"Midway through their set it sounded like a giant explosion," he told BBC Scotland.

"Part of the room was covered in dust. We didn't know what had happened. We froze for a second; there was panic and then people trying to get out the door."

Mr Gibson said that immediately following the incident there was a suggestion that a helicopter had crashed into the roof of the pub.

"There was no obvious sign of that," he said. "I couldn't hear of any rotors or anything like that before the event happened or any sign when we came out of the pub."

"I would say there was maybe 120 people inside the pub. A lot of people managed to get out straight away, but it was hard to tell how many were actually trapped in the other half of the bar.

"We wanted to get out of the way and let the emergency services get in there to help.

"I spoke to one of my former band members and he's as much in the dark over the situation as me.

"We checked that each other was safe and the rest of the band were safe. The immediate group I was with are all safe.

"We're obviously very concerned about what casualties have been sustained in the incident.

"There were no signs (of a helicopter) at all. The roof had just totally collapsed, there were shards of wood sticking out the top but nothing that said there had been a helicopter crash."

A Scottish Fire and Rescue Service said: "I can confirm that we have people at the scene.

"It is obviously a major incident. There are numerous fire engines there; 15 fire engines at the moment along with specialist services.

"I cannot confirm if there have been any injuries."

Claire Morris, who lives near the Clutha bar, told BBC News: "We heard this bang. We didn't really know what had happened and then we heard people coming out and screaming.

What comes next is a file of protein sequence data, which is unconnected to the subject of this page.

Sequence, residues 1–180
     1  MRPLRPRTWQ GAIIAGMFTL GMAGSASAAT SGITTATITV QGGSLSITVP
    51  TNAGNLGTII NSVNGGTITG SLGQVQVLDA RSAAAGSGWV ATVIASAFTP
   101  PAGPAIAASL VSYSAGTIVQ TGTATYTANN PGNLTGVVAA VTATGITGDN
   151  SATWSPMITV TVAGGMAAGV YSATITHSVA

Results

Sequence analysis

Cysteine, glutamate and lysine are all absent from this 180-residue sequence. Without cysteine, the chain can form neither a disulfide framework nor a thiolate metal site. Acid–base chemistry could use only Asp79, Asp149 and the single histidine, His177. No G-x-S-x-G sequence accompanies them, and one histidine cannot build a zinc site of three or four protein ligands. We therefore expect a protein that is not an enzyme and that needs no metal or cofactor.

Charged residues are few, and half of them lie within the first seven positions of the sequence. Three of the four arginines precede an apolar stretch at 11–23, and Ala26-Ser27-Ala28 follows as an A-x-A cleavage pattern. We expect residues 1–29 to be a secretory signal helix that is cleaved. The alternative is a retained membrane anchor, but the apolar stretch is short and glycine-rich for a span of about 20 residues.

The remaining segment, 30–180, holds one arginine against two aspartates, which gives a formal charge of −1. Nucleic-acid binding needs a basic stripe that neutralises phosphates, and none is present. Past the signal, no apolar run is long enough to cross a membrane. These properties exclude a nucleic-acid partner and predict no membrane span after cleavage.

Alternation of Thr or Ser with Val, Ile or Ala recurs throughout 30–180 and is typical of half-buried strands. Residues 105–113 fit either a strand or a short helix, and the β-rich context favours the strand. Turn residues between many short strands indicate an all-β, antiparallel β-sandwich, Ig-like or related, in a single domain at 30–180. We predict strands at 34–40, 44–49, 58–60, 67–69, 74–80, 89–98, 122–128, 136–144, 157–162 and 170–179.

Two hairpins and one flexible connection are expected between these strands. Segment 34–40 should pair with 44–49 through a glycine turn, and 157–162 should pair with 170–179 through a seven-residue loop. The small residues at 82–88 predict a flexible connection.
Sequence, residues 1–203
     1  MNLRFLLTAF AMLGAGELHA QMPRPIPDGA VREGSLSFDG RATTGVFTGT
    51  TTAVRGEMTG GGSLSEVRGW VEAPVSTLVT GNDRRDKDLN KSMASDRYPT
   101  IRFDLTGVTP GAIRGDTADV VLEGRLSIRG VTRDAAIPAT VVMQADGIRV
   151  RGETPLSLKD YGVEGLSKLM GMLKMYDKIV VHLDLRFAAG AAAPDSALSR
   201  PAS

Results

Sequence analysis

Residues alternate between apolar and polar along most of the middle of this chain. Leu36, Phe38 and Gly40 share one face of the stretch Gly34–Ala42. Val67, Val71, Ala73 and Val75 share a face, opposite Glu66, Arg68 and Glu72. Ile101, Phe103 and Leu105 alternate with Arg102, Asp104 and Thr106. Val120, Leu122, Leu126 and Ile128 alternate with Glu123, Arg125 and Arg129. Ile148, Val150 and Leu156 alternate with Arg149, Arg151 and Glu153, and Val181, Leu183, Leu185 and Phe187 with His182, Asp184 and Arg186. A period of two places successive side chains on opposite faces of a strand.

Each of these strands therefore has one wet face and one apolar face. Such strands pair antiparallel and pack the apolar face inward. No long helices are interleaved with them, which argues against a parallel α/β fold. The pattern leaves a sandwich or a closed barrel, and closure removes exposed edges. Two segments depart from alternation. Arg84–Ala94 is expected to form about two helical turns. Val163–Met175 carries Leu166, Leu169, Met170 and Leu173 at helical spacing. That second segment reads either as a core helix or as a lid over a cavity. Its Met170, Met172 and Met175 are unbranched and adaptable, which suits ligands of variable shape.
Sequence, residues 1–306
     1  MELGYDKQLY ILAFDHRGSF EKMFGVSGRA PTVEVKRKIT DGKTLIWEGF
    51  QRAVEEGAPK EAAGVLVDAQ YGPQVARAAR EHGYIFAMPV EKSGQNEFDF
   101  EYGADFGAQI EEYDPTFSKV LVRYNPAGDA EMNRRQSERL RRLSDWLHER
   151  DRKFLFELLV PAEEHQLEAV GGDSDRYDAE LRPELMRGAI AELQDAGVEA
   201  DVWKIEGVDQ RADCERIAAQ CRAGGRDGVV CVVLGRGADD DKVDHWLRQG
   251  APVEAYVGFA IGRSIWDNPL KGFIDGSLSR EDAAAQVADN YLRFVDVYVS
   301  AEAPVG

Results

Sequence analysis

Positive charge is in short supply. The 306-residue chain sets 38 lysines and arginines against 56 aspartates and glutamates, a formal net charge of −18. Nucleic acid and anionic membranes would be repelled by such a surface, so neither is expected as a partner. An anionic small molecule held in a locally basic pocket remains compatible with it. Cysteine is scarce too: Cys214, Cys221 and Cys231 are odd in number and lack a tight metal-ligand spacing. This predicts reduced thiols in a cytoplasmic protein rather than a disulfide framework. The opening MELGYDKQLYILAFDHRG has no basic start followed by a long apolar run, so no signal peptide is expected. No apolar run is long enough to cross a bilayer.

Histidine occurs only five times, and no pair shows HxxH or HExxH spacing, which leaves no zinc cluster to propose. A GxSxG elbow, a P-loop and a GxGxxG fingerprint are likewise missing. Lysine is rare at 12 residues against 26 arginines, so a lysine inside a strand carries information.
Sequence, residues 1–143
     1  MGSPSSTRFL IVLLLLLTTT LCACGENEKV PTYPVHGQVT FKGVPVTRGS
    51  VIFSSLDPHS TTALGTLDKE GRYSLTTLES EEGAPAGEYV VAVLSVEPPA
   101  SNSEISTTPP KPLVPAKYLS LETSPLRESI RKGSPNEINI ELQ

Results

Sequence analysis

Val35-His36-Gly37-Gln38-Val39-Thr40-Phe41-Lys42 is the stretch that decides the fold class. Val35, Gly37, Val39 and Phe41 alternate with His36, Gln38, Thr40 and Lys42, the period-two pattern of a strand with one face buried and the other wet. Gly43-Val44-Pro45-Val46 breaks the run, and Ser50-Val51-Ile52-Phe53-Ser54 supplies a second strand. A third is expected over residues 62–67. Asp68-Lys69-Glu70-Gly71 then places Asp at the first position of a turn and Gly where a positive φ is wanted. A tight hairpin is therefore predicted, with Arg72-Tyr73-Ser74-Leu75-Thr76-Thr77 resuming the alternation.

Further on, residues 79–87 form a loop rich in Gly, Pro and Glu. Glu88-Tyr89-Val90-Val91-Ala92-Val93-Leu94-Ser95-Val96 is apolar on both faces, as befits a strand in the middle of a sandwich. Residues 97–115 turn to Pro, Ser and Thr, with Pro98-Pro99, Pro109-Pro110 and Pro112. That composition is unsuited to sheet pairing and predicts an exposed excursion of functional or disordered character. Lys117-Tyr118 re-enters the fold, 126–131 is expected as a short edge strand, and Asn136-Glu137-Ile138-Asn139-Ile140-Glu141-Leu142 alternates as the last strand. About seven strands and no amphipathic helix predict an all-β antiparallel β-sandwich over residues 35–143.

"I wasn't sure whether there had been an explosion. My daughter said to me it was a helicopter that had hit the roof.

"Police are everywhere. We are just very shaken."

She added the pub was very popular and would have been busy on a Friday night.

Mr Murphy said there were about 40 fire brigade staff at the scene and said passers-by had helped at the scene.

Mr Murphy told the BBC: "It's a well established Glasgow pub. It's a horrible, horrible scene, but well done to the folk who were here. Everyone formed a chain of people from inside the pub to outside, and the fire brigade and everyone were here very quickly."

First Minister Alex Salmond tweeted: "The emergency services are in full operation. Our thoughts are with everyone involved. Scottish resilience operation now mobilised."

Deputy First Minister Nicola Sturgeon said it was "absolutely awful news"

"My thoughts are with everyone involved and the emergency services," she tweeted. Prime Minister David Cameron tweeted:

"My thoughts are with everyone affected by the helicopter crash in Glasgow - and the emergency services working tonight." Labour Party leader Ed Miliband said it was "shocking news from Glasgow. 

All my thoughts are with those who have been injured."

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Gordon Smart, editor the Scottish Sun, told the BBC:

I can't really believe what's happened. I was on the phone at the time and I heard a misfiring engine. Looked above me, couldn't work out where it was coming from, it got louder and louder and I just spotted a helicopter falling from the sky.

It was falling at great speed. It looked like the rotors weren't spinning but the helicopter was sort of turning in a strange position and dropping at great speed. Oddly enough here was no explosion no fire ball.

It's a busy Friday night, a lot of people have been out in the pubs, there are a lot of pubs in that area. I do fear… I would be staggered if there weren't fatalities from the area it's landed.